3 pieces of bad advice startups get

For everybody with a startup, there are at least three people with advice about how you should run it.

While the vast majority of this advice is well-meaning – and not all advice fits all startups – we talked to three startup founders about advice they’d received that turned out to be complete tosh.

1. On paying for advice

Co-founder of Mentorloop, Lucy Lloyd, told The Pulse that there was no shortage of people willing to give you help and advice – but you should avoid those charging for it like the plague.

“To early stage founders out there we’d say: do not pay for advice.

“Not with cash, not with equity. At [that] early stage, you need to have the best understanding of the problem that you’re solving, and the customers that you’re targeting.

“When you’re very early on nobody can provide quality enough advice to replace that research, and there are plenty of awesome people who will help you without asking for money. “

Lloyd also said founders would be well advised to ignore commonly held wisdom that you should always go back to existing funders before going out for a second round of funding.

This, she said, meant that you were essentially validating the same idea against the same audience. Plus, it’s not always wise to constantly ask for cash.

“Your early investors have backed you at the longest odds, repay that by not reaching into their pocket at every opportunity,” said Lloyd.

2. On how much cash you need to get started

Co-founder of social enterprise YGap, Elliot Costello, said the main bit of bad advice he’d been given (aside from being told that his crazy ideas wouldn’t work) was that a startup needed plenty of capital to grow a business.

“What I see is ‘you need money, you need money, you need money’,” he said.

The downside of having access to capital (and it’s not a bad problem to have) is that it means startups are robbed of the crazy thinking sometimes borne of necessity.

“There have been plenty of companies who have made a go of it without a lot of cash in the bank because it allows innovation and creativity,” said Costello.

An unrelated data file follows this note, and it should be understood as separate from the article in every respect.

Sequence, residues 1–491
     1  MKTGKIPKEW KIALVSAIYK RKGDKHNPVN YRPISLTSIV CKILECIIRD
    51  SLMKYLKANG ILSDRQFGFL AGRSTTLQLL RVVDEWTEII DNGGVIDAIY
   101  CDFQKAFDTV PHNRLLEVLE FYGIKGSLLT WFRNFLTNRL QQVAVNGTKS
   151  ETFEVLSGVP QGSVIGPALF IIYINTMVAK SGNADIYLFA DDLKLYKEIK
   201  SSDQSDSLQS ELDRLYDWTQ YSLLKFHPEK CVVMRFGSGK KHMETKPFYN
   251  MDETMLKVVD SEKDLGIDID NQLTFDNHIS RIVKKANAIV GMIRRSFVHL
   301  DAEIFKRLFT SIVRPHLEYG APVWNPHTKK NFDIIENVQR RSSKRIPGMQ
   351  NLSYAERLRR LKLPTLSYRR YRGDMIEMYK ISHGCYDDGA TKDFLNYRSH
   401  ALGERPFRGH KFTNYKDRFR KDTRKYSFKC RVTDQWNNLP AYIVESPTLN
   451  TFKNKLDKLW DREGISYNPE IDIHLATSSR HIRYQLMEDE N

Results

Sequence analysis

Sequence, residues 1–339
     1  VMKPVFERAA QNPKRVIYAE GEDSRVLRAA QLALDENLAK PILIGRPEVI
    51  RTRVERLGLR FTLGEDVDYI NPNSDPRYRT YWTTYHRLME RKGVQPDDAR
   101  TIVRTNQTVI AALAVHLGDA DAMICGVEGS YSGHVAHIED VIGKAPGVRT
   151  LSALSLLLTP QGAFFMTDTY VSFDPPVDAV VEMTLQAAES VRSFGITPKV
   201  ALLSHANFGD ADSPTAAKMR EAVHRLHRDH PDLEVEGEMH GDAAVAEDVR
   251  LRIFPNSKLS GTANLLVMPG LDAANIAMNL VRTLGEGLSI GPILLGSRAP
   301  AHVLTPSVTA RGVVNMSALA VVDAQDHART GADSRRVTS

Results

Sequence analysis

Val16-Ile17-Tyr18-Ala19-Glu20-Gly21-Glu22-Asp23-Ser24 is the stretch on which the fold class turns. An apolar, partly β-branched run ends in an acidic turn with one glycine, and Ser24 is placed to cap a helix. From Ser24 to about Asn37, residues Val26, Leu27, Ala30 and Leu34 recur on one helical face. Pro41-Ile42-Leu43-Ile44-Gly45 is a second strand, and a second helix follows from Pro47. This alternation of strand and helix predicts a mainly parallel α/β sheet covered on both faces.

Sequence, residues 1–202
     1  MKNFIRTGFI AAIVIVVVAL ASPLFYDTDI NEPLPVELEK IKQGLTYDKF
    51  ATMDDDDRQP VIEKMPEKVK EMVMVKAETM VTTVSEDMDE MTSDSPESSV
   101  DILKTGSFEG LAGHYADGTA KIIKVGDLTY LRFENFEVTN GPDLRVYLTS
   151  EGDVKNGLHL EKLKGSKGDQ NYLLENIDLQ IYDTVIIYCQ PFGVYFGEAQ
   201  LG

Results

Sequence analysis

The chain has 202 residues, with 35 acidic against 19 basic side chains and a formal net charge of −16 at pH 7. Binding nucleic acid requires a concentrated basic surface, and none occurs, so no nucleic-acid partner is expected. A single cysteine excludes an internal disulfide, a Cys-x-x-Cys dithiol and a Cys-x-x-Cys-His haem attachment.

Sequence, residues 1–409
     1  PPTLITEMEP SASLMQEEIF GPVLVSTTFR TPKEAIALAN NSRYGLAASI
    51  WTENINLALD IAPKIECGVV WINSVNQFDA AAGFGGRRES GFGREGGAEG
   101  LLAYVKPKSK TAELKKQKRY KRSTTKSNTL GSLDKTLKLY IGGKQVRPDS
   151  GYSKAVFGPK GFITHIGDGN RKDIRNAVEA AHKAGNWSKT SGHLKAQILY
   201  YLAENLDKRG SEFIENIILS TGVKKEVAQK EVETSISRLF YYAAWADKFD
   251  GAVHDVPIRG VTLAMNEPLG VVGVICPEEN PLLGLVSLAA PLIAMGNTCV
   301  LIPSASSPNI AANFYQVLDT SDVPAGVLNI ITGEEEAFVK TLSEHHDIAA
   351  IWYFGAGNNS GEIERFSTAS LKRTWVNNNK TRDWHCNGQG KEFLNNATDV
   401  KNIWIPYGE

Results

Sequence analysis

“I see a lot of advice around which says that you need a lot of working capital to be successful, but having access to cash can sometimes stifle innovation because you have that fall-back.

“I’ve never seen a non-profit with too much money, and I think if we did have cash we’d probably do it totally differently.”

READ MORE: Bootstrapping to fund your startup

3. On pitching (too) early and (too) often

Meanwhile, co-founder of Law Squared, Demetrio Zema, said startups were often advised to pitch early in their lives.

“We tend to see ‘pitch for investment early’, which I don’t think is a good idea,” he said.

“It’s about solidifying your team, about your model, being sure you’ve got something that’s workable to go to investors.

“You’re dealing with somebody’s money, so going in with a half-baked idea is reckless.”

He said part of the desire to bag backers as quickly as possible was a desire to go to market as quickly as they could – something Zema also said was bad advice.

“There’s this thing about wanting to go to market quickly, so you can either succeed or fail quickly – but I’m not a huge believer in failing fast,” said Zema.

“I think when you’re playing with somebody else’s cash particularly, you shouldn’t just go to market or chase further investment as quickly as you can.

“You need to validate the idea first. That doesn’t mean you need to have a bunch of customers, but it does mean consulting with independent individuals about what the idea might be and getting a market around that.”

READ MORE: 4 tips for pitching to a venture capitalist